This project begins with the basic premise that refugees are migrants: by legal definition and political conception, they have left their home countries to seek refuge. This project aims to re-assess refugee protection through a lens of mobility and migration, locating the study of refugee law in the context of the refugee regime. It examines the three key aspects of refugee law – access to protection, refugee status determination, and refugee rights – bringing them into conversation with the refugee regime’s norms and practices on responsibility-sharing and solutions. Crucially, the project takes a long and broad view of refugee protection, in order to open up new possibilities and trajectories. It also integrates a legal assessment of the role of non-state actors in refugee protection. Using the broad notion of ‘intermediary’ in the migration process, it will assess the regulatory environment on access to protection, so-called ‘secondary movement’ and onward migration. It will provide an important legal assessment of the role of the International Organisation for Migration (IOM) and the duties of humanitarian actors in refugee protection. It addresses the EU, not as a singularity, but as an actor in the global regime.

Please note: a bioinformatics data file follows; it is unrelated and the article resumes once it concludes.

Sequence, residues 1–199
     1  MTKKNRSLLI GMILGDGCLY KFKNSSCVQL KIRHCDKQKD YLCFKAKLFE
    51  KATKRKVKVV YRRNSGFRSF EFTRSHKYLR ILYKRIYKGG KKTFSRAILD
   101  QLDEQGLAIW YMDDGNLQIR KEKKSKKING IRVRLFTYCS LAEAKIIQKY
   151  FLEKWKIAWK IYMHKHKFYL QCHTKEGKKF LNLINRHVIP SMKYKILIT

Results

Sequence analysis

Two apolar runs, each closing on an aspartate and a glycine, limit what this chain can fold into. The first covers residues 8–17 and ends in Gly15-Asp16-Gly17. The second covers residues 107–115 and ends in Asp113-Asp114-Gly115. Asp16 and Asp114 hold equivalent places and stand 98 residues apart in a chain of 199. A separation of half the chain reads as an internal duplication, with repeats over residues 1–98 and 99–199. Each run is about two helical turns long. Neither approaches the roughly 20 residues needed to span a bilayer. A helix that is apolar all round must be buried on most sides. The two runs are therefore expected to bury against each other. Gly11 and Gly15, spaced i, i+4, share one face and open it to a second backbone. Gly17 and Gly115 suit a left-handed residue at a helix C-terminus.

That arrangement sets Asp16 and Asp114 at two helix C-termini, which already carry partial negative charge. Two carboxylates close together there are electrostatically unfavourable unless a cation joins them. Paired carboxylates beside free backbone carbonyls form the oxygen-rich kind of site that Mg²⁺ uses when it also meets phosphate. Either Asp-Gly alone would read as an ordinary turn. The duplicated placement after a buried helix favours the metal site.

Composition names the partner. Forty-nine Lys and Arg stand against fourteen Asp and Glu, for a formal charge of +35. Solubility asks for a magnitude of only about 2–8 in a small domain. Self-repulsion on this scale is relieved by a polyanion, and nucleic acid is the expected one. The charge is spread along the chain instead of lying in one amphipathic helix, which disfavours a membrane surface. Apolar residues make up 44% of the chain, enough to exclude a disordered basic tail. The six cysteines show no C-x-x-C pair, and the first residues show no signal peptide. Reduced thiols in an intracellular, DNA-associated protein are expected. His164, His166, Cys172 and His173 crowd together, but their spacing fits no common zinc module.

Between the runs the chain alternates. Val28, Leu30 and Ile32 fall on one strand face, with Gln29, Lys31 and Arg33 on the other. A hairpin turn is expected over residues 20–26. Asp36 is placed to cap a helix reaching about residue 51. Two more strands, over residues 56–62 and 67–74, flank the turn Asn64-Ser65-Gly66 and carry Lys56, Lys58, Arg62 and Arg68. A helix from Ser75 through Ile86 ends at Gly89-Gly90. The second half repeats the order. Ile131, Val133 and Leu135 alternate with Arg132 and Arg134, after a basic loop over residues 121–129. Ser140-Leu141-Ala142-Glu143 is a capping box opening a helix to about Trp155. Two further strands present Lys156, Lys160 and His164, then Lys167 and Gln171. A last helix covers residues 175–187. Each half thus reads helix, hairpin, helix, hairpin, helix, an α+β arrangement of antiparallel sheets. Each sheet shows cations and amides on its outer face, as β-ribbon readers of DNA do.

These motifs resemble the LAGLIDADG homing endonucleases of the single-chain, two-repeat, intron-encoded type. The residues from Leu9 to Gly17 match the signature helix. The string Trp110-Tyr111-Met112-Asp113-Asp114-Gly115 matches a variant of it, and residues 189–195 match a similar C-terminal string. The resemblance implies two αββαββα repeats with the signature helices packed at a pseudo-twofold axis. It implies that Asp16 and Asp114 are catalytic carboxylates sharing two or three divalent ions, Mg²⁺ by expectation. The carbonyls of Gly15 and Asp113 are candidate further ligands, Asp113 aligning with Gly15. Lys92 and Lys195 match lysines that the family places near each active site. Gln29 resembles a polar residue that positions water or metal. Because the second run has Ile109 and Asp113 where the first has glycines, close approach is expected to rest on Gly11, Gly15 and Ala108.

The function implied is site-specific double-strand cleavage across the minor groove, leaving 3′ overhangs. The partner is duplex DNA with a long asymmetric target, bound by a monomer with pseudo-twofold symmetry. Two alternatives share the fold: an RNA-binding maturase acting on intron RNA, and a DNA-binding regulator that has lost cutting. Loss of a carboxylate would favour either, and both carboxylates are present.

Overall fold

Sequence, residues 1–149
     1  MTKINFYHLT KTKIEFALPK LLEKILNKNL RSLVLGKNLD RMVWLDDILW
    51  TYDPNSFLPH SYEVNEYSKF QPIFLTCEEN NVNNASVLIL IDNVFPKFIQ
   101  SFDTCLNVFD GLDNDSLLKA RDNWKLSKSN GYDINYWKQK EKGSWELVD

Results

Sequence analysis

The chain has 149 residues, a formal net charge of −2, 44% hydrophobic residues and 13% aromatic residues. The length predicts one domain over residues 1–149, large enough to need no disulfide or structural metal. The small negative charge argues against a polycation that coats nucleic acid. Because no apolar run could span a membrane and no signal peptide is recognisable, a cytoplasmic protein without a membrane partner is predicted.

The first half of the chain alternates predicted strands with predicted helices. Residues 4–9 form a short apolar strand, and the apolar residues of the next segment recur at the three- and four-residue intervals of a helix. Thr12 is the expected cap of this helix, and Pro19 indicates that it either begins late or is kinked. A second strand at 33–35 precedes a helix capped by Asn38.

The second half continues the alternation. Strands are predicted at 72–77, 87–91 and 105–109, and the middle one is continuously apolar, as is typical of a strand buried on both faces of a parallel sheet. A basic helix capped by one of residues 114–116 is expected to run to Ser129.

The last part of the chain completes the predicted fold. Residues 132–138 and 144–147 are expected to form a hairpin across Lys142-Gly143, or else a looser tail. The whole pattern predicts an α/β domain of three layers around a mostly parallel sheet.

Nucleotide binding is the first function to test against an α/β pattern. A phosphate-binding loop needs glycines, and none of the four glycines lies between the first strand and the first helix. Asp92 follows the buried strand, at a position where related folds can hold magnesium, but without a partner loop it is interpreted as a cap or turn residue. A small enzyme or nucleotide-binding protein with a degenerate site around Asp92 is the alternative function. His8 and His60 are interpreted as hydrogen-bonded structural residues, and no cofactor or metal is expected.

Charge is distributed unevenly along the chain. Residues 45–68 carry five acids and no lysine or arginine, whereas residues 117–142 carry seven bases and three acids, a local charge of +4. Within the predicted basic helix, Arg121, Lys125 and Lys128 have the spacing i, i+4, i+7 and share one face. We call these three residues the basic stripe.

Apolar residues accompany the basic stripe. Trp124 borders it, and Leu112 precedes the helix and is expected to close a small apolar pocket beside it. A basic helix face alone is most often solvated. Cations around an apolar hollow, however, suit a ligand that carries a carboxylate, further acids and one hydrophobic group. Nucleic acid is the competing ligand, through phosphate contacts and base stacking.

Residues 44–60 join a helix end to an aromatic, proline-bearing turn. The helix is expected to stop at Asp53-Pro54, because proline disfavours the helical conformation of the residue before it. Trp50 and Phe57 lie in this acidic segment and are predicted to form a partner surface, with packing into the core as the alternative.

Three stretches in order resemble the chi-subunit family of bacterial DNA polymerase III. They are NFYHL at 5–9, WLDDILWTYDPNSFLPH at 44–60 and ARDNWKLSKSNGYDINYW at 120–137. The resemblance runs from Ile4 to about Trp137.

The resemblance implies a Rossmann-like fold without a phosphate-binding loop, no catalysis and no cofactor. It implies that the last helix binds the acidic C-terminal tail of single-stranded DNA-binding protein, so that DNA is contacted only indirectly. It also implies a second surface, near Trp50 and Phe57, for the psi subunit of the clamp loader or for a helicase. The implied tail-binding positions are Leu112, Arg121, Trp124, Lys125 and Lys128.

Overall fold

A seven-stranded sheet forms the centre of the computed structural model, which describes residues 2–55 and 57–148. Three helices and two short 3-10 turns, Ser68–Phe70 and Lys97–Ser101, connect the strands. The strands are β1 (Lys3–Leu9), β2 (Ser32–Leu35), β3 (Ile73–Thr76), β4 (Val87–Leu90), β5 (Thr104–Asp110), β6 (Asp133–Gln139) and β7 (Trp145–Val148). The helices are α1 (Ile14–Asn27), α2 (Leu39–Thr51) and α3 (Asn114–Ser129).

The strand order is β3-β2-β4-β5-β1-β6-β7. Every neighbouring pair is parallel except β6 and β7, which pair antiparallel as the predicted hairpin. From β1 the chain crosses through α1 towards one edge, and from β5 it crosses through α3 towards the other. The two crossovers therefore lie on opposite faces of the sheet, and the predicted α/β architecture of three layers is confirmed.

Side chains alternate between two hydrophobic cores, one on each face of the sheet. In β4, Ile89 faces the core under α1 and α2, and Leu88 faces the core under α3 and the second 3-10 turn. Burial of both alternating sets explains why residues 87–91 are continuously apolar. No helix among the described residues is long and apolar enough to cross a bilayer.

The project is methodologically ground-breaking. It identifies practices that determine access to and the quality of refugee protection, and how these practices have developed across jurisdictions and over time, thereby historicizing and reframing the practices in question. As well as rigorous doctrinal (‘black letter’) legal analysis, it will use go beyond doctrine, and draw on theoretical conceptions of legality to explore the particular modes of regulating mobility and migration that are now central to refugee protection. It will also develop new inter-disciplinary methods, using comparative legal, historical and political-scientific tools.